An Investigation of Teachers’ Perceived Roles and Barriers for Supporting Primary Students with Anxiety Disorders

Common Ground Research Networks
Publication Type:
Journal Article
The International Journal of Health, Wellness, and Society, 2018, 9 (2), pp. 1 - 17 (17)
Issue Date:
Filename Description Size
Cross and Currie T perceptions anxiety Accepted for Online .pdfAccepted Manuscript Version302.34 kB
Adobe PDF
Full metadata record
Anxiety disorders currently affect 6.9 percent of the paediatric population in Australia. While the school setting is a unique context in which early intervention and treatment of children with anxiety disorders can occur, existing research has mainly focused on simply determining the actual capabilities of teachers in identifying and referring students with anxiety disorders. In past research, teachers have been consulted about this topic only in a very limited manner, and qualitative reasons for disparity in teacher capability or perceived barriers have not been researched in- depth. Therefore, this study examined the perceptions and subjective experiences of teachers to answer the research questions: a) what are the perceptions and subjective experiences of primary school teachers in relation to the roles they play in supporting school–based approaches for children with anxiety disorders? and b) what barriers, if any, do primary school teachers perceive to exist that would inhibit their ability or prevent them from being able to support school–based approaches for children with anxiety disorders? Aligned with phenomenological methods of data collection and analysis, six teacher participants from the Sydney Metropolitan region were interviewed. In addition, three school psychologists were also interviewed to help provide additional insights into anxiety disorders in children. The main themes to emerge from the data revealing the roles teachers believe they play in supporting school-based approaches for children with anxiety disorders included: a) identification and behaviour tracking, b) communication with parents, c) referral, and d) implementing strategies and accommodations for children with anxiety disorders. The findings also provided rich insights into the barriers perceived by teachers as preventing or inhibiting them from being able to support school-based approaches for children with anxiety disorders, including: a) parents, b) lack of training, and c) lack of resources. Recommendations for improving their school-based support roles include increasing the amount of preparatory teacher training at the tertiary-level; increasing the number of school counsellors available, including within the state or public system; and provision of ongoing education of parents to help reduce stigma.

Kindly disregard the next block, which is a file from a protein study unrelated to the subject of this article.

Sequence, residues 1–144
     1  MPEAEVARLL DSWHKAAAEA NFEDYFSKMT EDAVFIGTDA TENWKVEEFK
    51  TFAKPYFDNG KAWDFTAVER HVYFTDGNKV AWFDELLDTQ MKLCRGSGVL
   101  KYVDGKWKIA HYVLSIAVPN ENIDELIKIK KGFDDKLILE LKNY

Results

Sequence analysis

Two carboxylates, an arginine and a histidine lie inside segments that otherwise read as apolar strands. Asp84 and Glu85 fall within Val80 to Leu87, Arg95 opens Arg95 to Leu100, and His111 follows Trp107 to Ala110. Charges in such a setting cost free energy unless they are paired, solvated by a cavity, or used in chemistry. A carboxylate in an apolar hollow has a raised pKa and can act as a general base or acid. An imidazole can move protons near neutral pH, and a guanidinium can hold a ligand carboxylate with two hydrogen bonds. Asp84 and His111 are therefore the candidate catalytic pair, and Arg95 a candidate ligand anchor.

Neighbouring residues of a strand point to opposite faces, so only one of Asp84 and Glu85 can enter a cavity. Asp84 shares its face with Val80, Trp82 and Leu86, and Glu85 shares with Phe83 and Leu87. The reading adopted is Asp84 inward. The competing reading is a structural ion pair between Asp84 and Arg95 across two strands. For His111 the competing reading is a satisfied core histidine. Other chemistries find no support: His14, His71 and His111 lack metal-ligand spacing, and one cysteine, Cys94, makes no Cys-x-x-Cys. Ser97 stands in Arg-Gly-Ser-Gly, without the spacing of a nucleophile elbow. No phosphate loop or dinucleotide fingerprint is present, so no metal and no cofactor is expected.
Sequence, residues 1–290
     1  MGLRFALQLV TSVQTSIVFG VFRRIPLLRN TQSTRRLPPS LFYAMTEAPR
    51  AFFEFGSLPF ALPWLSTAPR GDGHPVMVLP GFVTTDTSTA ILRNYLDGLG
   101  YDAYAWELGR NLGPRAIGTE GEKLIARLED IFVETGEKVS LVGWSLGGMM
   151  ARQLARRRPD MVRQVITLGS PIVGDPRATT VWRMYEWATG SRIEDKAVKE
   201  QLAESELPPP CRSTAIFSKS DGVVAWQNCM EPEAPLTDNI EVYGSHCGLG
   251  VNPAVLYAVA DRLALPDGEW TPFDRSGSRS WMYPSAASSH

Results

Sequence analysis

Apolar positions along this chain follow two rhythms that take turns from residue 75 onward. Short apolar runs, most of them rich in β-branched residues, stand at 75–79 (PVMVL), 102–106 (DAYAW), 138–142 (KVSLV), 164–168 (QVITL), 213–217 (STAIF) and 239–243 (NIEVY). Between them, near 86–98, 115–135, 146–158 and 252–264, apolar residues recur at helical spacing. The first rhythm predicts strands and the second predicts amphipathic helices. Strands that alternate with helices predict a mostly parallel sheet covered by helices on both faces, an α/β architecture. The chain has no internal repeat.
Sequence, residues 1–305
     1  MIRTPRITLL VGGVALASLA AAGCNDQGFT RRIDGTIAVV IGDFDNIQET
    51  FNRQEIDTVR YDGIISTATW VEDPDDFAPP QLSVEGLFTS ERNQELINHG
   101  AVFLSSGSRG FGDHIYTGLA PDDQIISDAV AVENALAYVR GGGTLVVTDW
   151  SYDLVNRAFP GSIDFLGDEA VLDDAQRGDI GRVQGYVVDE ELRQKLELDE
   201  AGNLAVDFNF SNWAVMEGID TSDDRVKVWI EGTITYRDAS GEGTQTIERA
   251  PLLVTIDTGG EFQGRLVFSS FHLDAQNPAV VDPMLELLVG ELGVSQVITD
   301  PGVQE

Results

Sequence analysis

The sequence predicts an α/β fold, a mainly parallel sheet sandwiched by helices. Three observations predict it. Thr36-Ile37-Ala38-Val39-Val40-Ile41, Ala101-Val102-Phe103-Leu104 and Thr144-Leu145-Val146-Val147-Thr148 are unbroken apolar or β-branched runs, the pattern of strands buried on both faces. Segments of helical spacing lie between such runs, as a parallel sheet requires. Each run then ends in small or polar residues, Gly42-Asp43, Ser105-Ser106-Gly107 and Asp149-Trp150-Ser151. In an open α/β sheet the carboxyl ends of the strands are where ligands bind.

Please use this identifier to cite or link to this item: